2. Michigan LCV (re)connecting in person
It has been two-and-a-half years since the Michigan LCV/Michigan LCV Education Fund boards have met in-person. We have not had a full in-person staff meeting either since February 2020. Despite the challenge of working in an all-virtual environment – over zoom, phone, slack, email and text – we have still delivered top tier programs and projects and built personal/professional connectivity. But, nothing truly substitutes for time together.
That said, I am pleased to say that over the past week, the Michigan LCV team created a number of opportunities to come together in safe and effective ways.
On Friday, May 20th, our Advocacy & Outreach team held a celebration for our #OurWater activists. These activists are an essential part of our work to ensure that the voices of Michiganders are heard loudly and clearly in Lansing. They were critical to all the work that we did around Senate Bill 565, which resulted in the largest investment in water protections and infrastructure in our state’s history. Their work has also been a huge part of our advocacy related to climate change and the adoption of the Governor’s important new MI Healthy Climate Plan.
Our team presented the #OurWater activists with a number of awards on Friday, ranging from “Rising Leader” to “World Changer.” We got feedback about their experience in the program, and we heard first-hand about what brought them to Michigan LCV, what fuels their passions and commitment, and what issues are most important in each of their individual communities.
On Monday, we were able to hold an in-person meeting with all the department directors, allowing many teammates to meet each other for the first time. Our conversation spanned how we come to the work (using Strengths Finder and what we call “individual user manuals”) and goal setting for this next quarter. It was so good to be together!
Next week, we are holding our very first in-person full staff meeting in Lansing, which will allow for even more relationship building, analysis of past work, and collective goal setting for the next few months of this very important midterm election year. And, the second week of June, our two boards are meeting in-person, which will provide new and old board members the opportunity to get to know each other as they roll up their collective sleeves to support and determine the focus on the Michigan LCV family of organizations.
Each of these meetings are being held in open air or intensely ventilated spaces. Masks are required when not eating, drinking or speaking. We are very committed to keeping our team safe and healthy in a world where COVID just doesn’t appear to be going away.
3. New Michigan LCV team member spotlight: Fayyaz Razi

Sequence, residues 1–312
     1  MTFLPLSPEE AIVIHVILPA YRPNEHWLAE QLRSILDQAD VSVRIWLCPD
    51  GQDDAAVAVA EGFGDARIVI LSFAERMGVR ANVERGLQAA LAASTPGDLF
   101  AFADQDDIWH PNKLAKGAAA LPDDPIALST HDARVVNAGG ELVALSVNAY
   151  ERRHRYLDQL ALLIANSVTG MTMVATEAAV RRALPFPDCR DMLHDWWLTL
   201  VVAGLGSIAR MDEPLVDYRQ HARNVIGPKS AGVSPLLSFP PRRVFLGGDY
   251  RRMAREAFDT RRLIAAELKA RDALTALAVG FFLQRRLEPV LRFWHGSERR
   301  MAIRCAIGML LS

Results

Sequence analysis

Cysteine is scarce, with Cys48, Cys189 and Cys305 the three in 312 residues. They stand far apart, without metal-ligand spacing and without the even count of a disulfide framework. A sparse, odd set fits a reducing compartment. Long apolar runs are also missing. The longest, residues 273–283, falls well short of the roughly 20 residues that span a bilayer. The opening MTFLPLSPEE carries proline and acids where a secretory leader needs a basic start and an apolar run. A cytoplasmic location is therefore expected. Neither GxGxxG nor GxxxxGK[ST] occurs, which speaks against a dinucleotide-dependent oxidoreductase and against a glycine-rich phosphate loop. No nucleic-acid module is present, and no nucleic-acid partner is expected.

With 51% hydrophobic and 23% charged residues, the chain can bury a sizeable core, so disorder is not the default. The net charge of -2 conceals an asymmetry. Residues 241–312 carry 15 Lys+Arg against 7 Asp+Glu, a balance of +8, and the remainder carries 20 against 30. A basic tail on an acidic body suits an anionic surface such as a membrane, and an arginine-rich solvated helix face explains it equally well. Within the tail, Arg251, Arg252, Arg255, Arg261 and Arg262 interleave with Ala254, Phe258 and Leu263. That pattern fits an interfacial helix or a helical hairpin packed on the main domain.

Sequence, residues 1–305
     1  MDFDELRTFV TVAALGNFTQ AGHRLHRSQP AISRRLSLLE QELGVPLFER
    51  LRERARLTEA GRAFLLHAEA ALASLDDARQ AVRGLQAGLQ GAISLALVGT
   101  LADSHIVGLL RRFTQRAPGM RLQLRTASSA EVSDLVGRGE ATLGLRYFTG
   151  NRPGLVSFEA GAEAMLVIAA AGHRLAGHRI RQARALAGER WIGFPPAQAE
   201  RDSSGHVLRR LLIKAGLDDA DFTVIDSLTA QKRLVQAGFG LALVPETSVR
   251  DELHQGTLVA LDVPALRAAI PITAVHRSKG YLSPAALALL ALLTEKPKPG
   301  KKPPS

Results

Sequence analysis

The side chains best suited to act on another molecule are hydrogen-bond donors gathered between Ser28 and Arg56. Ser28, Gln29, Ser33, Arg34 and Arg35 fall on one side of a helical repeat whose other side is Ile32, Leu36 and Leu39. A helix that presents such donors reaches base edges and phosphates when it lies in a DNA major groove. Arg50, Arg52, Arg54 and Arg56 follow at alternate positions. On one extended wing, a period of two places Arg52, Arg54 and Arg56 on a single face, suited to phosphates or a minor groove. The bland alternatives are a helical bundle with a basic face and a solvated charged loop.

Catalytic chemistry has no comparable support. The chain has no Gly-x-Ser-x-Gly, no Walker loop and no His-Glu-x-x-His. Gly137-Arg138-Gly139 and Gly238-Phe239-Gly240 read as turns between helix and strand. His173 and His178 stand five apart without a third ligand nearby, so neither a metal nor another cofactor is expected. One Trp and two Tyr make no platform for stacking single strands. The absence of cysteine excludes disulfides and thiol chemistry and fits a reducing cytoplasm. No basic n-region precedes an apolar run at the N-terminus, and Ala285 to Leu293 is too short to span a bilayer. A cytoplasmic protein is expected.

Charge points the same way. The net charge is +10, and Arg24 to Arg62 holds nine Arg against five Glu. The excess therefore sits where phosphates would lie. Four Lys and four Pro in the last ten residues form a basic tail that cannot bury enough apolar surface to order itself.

The Michigan LCV search for talented, dedicated individuals to join our team in a variety of different roles continues and our team continues to grow! This week, I am excited to welcome Fayyaz Razi to the Michigan LCV family!
Fayyaz joins Michigan LCV as a part-time West Michigan Regional Organizer on our Advocacy & Outreach (A&O) team, bringing unique perspectives, experience and youth to our organizing efforts in the western part of the state.
Prior to joining the Michigan LCV team, Fayyaz worked on elections research and in various organizing capacities on a variety of electoral campaigns in West Michigan. Last year, he was appointed to serve as a U.S. Senate Page for the 2021 fall semester by Arizona Senator Kyrsten Sinema, an opportunity that allowed Fayyaz to gain valuable experience working in the Capitol.
Born and raised in Kalamazoo, Fayyaz is a student at Portage Central High School, as well as at the Kalamazoo Area Mathematics and Science Center (KAMSC).
The Michigan LCV team is thrilled to have Fayyaz in the fold!
As I say every week, thank you so much for your belief in our work. Please take good care of yourselves, not only in relation to crazy viruses, but emotionally. We are living in very intense times. As my youngest son said to me today, “Why is it that we assume that everyone can go on as usual in the aftermath of the school shooting in Texas? Why don’t we give each other and ourselves a break?” He’s right. There is a huge need for time and space. Please give yourselves and your loved ones space to grieve and work through a myriad of emotions, including disbelief, anger, and frustration. If we are to win these battles against the gun lobby and the fossil fuel lobby….if we are going to win for people and planet…we need to take care of ourselves.
Be well, be safe, embody kindness….